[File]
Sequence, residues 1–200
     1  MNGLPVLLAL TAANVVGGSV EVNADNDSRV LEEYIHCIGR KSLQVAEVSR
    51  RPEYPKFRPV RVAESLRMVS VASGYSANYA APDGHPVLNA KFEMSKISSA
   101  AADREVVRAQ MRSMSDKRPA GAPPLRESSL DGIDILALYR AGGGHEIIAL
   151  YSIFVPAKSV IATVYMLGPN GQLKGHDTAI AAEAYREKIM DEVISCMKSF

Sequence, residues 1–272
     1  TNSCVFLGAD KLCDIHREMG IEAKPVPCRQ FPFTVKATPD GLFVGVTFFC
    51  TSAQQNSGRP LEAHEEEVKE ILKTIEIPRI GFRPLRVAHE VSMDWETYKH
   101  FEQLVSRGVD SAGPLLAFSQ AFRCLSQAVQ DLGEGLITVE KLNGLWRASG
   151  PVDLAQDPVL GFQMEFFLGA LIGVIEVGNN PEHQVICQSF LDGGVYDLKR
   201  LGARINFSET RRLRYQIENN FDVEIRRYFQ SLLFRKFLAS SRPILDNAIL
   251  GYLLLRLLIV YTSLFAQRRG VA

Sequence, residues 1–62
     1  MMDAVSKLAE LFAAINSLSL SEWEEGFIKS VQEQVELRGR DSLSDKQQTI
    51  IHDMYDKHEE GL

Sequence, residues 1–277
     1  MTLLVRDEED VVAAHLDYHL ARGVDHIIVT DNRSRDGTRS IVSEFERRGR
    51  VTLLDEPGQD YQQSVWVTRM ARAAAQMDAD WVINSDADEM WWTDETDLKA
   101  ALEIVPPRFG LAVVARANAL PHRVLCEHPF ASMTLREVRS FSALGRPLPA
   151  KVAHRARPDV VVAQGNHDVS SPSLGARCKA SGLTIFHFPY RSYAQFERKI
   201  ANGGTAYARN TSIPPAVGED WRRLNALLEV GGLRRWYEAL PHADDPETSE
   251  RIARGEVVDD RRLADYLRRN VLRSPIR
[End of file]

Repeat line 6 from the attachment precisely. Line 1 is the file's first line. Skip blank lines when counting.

Sequence, residues 1–272